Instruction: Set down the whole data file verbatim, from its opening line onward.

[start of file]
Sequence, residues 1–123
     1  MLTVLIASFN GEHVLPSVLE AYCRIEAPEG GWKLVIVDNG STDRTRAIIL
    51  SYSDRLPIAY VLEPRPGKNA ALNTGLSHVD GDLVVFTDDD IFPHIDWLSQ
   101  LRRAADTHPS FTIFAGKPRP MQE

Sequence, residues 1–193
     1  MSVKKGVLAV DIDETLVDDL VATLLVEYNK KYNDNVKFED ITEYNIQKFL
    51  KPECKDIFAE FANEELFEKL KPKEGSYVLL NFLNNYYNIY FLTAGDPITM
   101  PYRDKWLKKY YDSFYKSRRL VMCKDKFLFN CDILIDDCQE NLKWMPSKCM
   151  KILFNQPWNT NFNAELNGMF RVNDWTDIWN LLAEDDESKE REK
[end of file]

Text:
Sequence, residues 1–123
     1  MLTVLIASFN GEHVLPSVLE AYCRIEAPEG GWKLVIVDNG STDRTRAIIL
    51  SYSDRLPIAY VLEPRPGKNA ALNTGLSHVD GDLVVFTDDD IFPHIDWLSQ
   101  LRRAADTHPS FTIFAGKPRP MQE

Sequence, residues 1–193
     1  MSVKKGVLAV DIDETLVDDL VATLLVEYNK KYNDNVKFED ITEYNIQKFL
    51  KPECKDIFAE FANEELFEKL KPKEGSYVLL NFLNNYYNIY FLTAGDPITM
   101  PYRDKWLKKY YDSFYKSRRL VMCKDKFLFN CDILIDDCQE NLKWMPSKCM
   151  KILFNQPWNT NFNAELNGMF RVNDWTDIWN LLAEDDESKE REK